Our angled loofah plants have been doing rather well. I planted a pair of plants in a large pot to see if they would fare better than those grown direct in the ground. The latter only lasted about two months before they became unproductive, you see. So I used one of my largest flower pots and added a large-scale tomato trellis for the vines to climb up. The plants seemed to like it.
Of course, there were some stems that died out along the way. I diligently pruned them away and kept the plants alert. It seems to me that when you don’t “interact” with the plants, they decide to move on to the great compost heap in the sky… well, our garden, actually…
So I guess you could say that these two plants have surpassed the ones I’ve grown in the ground. It could be because I’m paying more attention to them, especially in watering them. Potted plants are especially at risk when you forget to water them because when the soil dries out – especially if the pot is on a manmade surface – they have no other source of water unless it rains heavily on the plant, which it probably won’t. Not sufficiently, anyway.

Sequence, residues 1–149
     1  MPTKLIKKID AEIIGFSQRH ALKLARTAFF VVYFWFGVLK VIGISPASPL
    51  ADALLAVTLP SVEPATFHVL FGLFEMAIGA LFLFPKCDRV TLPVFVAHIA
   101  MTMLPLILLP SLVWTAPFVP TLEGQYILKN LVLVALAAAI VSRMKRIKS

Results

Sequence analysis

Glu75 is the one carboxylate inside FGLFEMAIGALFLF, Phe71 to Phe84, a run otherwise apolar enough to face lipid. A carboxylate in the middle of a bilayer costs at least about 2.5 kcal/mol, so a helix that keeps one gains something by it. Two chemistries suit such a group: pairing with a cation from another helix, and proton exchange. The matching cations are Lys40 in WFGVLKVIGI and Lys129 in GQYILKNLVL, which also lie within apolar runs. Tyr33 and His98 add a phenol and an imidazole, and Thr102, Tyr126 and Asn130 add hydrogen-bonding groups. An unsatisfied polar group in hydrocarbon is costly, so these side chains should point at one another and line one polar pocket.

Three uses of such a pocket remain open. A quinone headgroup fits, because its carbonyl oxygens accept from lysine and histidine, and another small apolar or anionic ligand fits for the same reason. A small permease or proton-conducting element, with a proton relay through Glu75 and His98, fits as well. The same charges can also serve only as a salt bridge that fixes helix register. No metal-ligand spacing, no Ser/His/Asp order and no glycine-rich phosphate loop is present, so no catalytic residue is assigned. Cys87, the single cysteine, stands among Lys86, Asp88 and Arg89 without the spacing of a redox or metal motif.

It also appears that the pot is large enough that the plants are not confined and root-bound yet. This has surprised me, because in my past experiences with the loofah plants, they have usually lasted about two months or so before the vines died out. I had anticipated this and germinated a new pair of loofah plants that I planted into the pot, but the plants seem to be happy enough to keep going – for now, anyway – so I hope the young ones will be able to grow without feeling constricted by the older ones.
We’ve had a pretty good harvest from the plants, and I’ve noticed that the fruits – while not as large as the commercial ones – have been bigger than what we normally get from those planted in the ground. I suspect it’s because I grew the plants in a good, organic soil and also because they’ve been getting more water than the ones in the ground did. (I tend to like to leave things too much to Mother Nature at times…) Ah well, live and learn.